J: IB  couples honor, value, cherish, adore and treat each other like the precious jewel that they are; valuable, to be esteemed and as one who possesses great worth simply because they are.

O: IB  couples openly court their partner and in the words of my mentor Dr. Patrick Carnes, will regularly practice flirting, romancing, touching, foreplay, intercourse and their commitment to renew these and other intimate connections with their partner!

Y: IB couples who yearn for the mutual attraction with their partner engage in behavior that not only highlights their existing strengths but with neuroplasticity, strives to develop new skills and abilities that may result in the “wow” from their partner!


A: IB couples engage in arousing, stimulating, sensual and enjoyable activity that celebrates their sexuality, and produces satisfaction, safety, security, sexual health that above all is sumptuous!

R: IB  people become friends and lovers again because they practice reconciliation, which means they lay aside wrathful behavior and live to impart peaceful behavior in their heart and home environment.

E: IB couples realize they don’t have to be an intimacy building expert, but they do need to be open, willing to learn and take the initiative to share, hear, heal and initiate intimate behaviors that coalesce!

Thanks for reading this excerpt from “Choosing Change #14: Living, Loving and Leaving a Legacy.”  As time permits, please visit the other blogs written by Dr. Ken McGill: Daily Bread for Life and “3 – 2 – 5 – 4 – 24″ for additional information that could be helpful. I welcome your comments below or via email and your favorites, your retweets and your “+1’s” if you have a brief moment and find the information helpful. Again, it is my desire to provide the very best info for your consideration.

TeleHealth/Video counseling sessions are available for those who prefer to meet online – Dr. McGill

Businesswoman presses button psychological counseling online on virtual screens. technology, internet and networking concept.




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About Dr Ken McGill

Dr. Ken McGill is an ordained minister and has been involved in counseling for more than 25 years. Dr. McGill holds a Bachelor's degree in Religion from Pacific Christian College (now Hope International University), a Certificate of Completion in the Alcohol and Drug Studies/Counseling Program from the University of California at Los Angeles and a Masters degree in Clinical Psychology from Antioch University. Dr. McGill received his Doctorate in Clinical Psychology with an emphasis in Family Psychology from Azusa Pacific University in May, 2003. Dr. McGill's dissertation focused on the development of an integrated treatment program for the sexually addicted homeless population, and Ken was "personally mentored" by dissertation committee member Dr. Patrick Carnes, a pioneer in the field of sex addiction work. Dr. McGill authored a chapter in the text The Clinical Management of Sex Addiction, with his chapter addressing the homeless and sex addiction. Dr. McGill is also a Licensed Marriage and Family Therapist in the States of Texas and California and Mississippi, and is a Certified Sex Addiction Therapist, through the International Institute for Trauma and Addictive Professionals (IITAP). Dr. McGill had a private practice in Glendora, CA (Aspen Counseling Center), Inglewood, CA (Faithful Central Bible Church), and Hattiesburg, MS (River of Life Church), specializing in the following areas with individuals, couples, families, groups and psychoeducational training: addictions and recovery, pre-marital, marital and family counseling, issues related to traumatization and abuse, as well as depression, grief, loss, anger management and men's and women's issues. Dr. McGill also provided psychotherapeutic treatment with Student-Athletes on the University of Southern Mississippi Football and Men's Basketball teams. Dr. McGill served as the Director of the Gentle Path Program, which is a seven-week residential program, for people who are challenged with sexual addiction, sexual anorexia, and relationship issues. Dr. McGill also supervised Doctoral students in the Southern Mississippi Psychology Internship Consortium with the University of Southern Mississippi. Dr. McGill was inducted into the Azusa Pacific University Academic Hall of Honor, School of Behavioral and Applied Sciences, in October, 2010. Dr. McGill currently works as a Private practice clinician with an office in Plano, Texas, providing treatment with people who are challenged in the areas mentioned above.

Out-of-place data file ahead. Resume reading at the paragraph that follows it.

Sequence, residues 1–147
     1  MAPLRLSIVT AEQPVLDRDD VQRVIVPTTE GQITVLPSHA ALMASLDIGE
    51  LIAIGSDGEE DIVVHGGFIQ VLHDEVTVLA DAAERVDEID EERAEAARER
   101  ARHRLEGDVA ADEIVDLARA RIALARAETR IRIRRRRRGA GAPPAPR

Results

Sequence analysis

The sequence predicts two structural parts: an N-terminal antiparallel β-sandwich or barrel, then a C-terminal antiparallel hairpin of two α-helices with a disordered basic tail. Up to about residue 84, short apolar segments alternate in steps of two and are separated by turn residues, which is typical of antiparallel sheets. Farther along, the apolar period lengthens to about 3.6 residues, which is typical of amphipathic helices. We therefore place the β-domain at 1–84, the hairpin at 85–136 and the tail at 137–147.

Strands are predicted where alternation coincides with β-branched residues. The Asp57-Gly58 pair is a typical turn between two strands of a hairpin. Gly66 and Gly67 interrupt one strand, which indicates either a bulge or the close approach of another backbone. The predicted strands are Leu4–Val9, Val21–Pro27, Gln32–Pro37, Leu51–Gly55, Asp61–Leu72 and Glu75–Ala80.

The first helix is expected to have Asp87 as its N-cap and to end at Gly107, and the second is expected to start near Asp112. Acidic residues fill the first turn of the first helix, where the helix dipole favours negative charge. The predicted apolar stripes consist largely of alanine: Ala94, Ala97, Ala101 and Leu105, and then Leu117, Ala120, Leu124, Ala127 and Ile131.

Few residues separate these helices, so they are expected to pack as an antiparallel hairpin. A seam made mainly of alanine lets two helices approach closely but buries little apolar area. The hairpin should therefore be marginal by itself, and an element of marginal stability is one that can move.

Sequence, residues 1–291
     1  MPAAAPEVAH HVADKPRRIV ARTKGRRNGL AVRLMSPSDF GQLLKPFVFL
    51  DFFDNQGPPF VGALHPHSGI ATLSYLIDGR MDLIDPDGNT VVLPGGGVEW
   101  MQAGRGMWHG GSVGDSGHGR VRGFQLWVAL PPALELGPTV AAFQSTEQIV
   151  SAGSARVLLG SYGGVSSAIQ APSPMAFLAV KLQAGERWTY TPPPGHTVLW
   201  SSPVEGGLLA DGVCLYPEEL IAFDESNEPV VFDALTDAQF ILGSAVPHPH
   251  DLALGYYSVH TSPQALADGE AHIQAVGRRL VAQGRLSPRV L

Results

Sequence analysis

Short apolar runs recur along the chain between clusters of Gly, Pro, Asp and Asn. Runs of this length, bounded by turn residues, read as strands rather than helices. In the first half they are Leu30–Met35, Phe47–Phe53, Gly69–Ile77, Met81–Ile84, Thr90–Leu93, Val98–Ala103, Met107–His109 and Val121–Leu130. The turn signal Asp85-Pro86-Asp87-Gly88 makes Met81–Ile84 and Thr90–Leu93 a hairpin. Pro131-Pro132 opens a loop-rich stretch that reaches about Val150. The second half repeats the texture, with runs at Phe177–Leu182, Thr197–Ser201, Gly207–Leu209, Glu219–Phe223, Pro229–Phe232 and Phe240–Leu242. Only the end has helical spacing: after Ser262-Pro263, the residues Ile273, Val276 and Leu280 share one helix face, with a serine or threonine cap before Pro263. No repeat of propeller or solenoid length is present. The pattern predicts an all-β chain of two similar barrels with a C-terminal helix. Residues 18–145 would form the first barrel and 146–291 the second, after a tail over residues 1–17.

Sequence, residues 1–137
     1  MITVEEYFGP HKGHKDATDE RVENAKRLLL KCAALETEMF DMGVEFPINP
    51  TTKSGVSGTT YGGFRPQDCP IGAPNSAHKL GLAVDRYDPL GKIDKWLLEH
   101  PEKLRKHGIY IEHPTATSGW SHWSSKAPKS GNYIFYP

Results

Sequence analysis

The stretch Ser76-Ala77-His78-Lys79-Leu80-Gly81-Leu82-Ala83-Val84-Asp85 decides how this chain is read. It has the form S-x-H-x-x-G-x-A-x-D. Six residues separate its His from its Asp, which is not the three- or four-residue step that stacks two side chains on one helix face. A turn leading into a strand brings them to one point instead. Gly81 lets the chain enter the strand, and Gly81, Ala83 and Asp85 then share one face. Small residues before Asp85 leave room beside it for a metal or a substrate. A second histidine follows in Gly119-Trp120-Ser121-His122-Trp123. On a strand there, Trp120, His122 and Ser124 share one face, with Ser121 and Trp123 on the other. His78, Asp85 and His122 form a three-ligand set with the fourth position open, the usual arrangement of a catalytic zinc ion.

Daily Bread for Addressing Compulsion